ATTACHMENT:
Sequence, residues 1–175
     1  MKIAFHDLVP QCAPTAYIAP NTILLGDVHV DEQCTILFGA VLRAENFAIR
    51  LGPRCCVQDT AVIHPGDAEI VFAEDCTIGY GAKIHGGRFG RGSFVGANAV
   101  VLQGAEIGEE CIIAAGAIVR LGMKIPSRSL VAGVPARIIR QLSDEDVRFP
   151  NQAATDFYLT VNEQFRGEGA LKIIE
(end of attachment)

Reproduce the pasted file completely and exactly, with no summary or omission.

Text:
Sequence, residues 1–175
     1  MKIAFHDLVP QCAPTAYIAP NTILLGDVHV DEQCTILFGA VLRAENFAIR
    51  LGPRCCVQDT AVIHPGDAEI VFAEDCTIGY GAKIHGGRFG RGSFVGANAV
   101  VLQGAEIGEE CIIAAGAIVR LGMKIPSRSL VAGVPARIIR QLSDEDVRFP
   151  NQAATDFYLT VNEQFRGEGA LKIIE